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Over the past month, we have heard lots about layoffs at RSM McGladrey/McGladrey & Pullen but we didn’t have much for details.
Frankly, we still don’t know a lot but we’ll go with what we’ve got. So far we know about reductions in the New York, Chicago, Quad Cities, Florida and Seattle offices and everything we’ve been told indicates that they are occurring elsewhere.
First the Emerald City:
I was am ple. There is a new geographic restructuring going on. Instead of multiple “economic units” there will be only three regions. Many HRs and CFOs from different offices are losing their jobs. Consulting people talk about 100 positions that will be eliminated across the country. 10 people were let go from Seattle Economic Unit which includes Seattle, Tacoma, and Olympia offices. We were informed about the reorganization somewhere around 04/12 and laid off at the end of the month. I think everybody received severance.
We’re not that familiar with past cuts in the RSM/M&P world but the big cuts in consulting seem to trail the Big 4’s by a year or two, although if some of these smaller clients are giving into the Big 4 lowballing then perhaps this is the natural progression.
Their Florida Private Club operations group closed the Club IT Consulting Group and layed off the staff. Some of the staff have been part of the firm for more than 20 years and were profitable.
Chicago just layed off the Operations Consulting Staff yesterday, [approximately] 10 people. This group was left to dangle in the wind, sink or swim on their own without marketing or sales assistance or access to the firm’s client-base Naturally it failed.
This firm’s actual layoff numbers are always reported low because they chase people out prior to layoffs in an attempt to camouflage the numbers. Their tactics to accomplish this include poor performance evaluations for staff, unreasonable margin requirements, constant peer pressure meetings regarding performance and head to head comparisons. This creates a dysfunctional relationship between groups and actually motivates groups within their own company to compete with one and other. Only so much people can take and then they leave. Just what the firm wanted.
Considering the economy in Florida, the demise of RSM’s private club operations in that corner of the over-leveraged world wouldn’t come as much of surprise. That being said, you might expect that veterans of the firm would be accommodated somehow with other internal opportunities.
We reached out to both RSM’s corporate spokeswoman and their general counsel, both of whom have not responded to our request for comment. We also contacted an H&R Block spokesman to see if they could elaborate on these layoffs from the parent company level but again, our requests have gone unanswered. H&RB had their own layoffs last month however, there is no indication at this point whether cuts at H&RB would have anything to do with those at RSM/M&P.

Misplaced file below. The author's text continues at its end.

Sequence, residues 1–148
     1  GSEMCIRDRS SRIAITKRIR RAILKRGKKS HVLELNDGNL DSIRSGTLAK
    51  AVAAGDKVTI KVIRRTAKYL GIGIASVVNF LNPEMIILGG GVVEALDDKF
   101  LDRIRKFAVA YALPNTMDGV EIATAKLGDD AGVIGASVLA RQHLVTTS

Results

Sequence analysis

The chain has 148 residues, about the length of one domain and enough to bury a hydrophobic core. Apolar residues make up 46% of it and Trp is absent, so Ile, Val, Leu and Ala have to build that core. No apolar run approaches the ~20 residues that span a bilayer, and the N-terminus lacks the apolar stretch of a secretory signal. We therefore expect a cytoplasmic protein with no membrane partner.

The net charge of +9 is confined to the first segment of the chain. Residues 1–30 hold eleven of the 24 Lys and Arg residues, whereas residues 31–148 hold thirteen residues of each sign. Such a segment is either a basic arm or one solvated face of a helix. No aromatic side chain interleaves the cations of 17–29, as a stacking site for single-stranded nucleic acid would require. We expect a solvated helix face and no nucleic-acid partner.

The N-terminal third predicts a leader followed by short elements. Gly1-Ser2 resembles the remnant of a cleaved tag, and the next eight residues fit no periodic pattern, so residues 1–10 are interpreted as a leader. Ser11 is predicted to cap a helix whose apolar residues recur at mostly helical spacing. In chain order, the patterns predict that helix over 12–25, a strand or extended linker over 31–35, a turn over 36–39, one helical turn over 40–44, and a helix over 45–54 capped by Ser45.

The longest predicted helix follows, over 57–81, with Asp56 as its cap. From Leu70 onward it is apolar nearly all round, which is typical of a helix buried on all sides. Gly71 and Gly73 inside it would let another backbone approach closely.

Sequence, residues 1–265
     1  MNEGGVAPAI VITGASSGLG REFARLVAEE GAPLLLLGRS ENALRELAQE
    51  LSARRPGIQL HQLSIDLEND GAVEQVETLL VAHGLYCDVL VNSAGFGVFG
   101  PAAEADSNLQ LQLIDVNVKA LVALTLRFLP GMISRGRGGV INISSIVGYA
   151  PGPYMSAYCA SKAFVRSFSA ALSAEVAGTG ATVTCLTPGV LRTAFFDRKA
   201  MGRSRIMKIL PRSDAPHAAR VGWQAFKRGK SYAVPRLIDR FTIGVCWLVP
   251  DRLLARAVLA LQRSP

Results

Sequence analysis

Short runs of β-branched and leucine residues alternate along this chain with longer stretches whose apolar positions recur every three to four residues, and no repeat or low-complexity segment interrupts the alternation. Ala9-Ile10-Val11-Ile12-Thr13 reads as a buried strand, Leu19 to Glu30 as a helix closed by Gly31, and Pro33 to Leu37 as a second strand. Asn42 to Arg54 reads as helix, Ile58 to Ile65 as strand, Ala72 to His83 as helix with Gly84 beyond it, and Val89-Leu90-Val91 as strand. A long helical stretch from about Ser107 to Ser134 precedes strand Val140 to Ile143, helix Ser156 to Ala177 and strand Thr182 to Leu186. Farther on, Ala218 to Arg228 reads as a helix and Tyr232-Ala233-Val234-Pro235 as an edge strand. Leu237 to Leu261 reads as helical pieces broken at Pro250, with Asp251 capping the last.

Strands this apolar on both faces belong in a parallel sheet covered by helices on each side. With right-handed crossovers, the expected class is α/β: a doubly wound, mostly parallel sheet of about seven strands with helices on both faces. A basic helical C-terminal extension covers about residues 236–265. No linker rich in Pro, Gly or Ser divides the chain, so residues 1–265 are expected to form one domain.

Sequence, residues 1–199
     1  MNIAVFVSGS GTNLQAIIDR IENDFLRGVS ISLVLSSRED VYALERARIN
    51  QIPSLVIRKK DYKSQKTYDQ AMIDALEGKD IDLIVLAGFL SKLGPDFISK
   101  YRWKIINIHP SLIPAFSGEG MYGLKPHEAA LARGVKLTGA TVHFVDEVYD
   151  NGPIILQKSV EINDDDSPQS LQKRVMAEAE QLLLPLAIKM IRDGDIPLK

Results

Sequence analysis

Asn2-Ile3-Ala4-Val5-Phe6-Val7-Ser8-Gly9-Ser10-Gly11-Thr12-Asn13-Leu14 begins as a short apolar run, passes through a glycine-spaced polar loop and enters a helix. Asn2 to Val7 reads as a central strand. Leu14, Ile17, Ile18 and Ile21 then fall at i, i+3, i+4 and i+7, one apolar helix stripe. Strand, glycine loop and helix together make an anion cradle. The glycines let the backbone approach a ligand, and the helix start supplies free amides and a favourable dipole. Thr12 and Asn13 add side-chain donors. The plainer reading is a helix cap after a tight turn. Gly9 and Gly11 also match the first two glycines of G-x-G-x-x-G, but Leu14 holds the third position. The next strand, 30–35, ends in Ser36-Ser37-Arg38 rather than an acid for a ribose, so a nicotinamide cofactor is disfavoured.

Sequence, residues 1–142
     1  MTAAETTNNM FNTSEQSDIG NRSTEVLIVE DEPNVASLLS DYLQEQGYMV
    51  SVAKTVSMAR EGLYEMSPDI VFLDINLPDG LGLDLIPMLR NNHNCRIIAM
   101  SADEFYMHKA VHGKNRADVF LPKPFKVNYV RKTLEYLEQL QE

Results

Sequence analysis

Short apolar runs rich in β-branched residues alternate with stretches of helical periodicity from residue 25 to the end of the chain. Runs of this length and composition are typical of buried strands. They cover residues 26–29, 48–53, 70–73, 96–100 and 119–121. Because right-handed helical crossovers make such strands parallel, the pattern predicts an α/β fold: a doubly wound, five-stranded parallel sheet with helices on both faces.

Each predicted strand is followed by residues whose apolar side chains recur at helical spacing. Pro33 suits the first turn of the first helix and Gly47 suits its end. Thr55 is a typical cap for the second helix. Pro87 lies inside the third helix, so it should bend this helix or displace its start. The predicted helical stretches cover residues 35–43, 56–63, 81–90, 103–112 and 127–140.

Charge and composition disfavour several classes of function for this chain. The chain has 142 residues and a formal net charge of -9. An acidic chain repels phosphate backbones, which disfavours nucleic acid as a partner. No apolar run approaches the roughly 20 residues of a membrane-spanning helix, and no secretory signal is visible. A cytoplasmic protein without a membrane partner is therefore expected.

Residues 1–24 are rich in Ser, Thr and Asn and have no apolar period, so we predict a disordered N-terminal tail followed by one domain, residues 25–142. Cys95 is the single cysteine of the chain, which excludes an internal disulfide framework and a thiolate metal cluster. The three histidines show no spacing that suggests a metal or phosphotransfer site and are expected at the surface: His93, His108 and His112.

We’re still accumulating details on these cuts, so get in touch with us about details on your office or discuss below. And don’t be shy, we know you McGladrey types been hesitant to call on us in the past.
We received several reports over the weekend and today about regional restructuring at Ernst & Young that will go into effect on January 1.
The majority of the North Central region will combine with the Mid-Atlantic region to form the new “East-Central” region, while the Toledo and Detroit offices will join the Midwest region. One source has told GC that this move is “an effort to reduce infrastructure and we should not be distracted from our client serving duties.”
We have also confirmed that the Pacific Northwest and Pacific Southwest regions will combine into a single “West” region. Again, sources indicating this move is an attempt to reduce overhead costs, saying “Lots a current senior leadership will be moved around,” as a result of this consolidation.
Both regions have seen significant layoffs just in the past month, and reports as recently as December 9th for the North Central. Some may go so far to say that the layoffs were a precursor to these plans but that’s speculative sport on our part.
We reached out to an E&Y Spokesperson who said that the firm prefers not to comment on internal matters.
E&Y’s restructuring follows a major restructuring at KPMG that we reported on earlier this year which saw several leadership changes and rumors of the firm consolidating down to two regions in the U.S.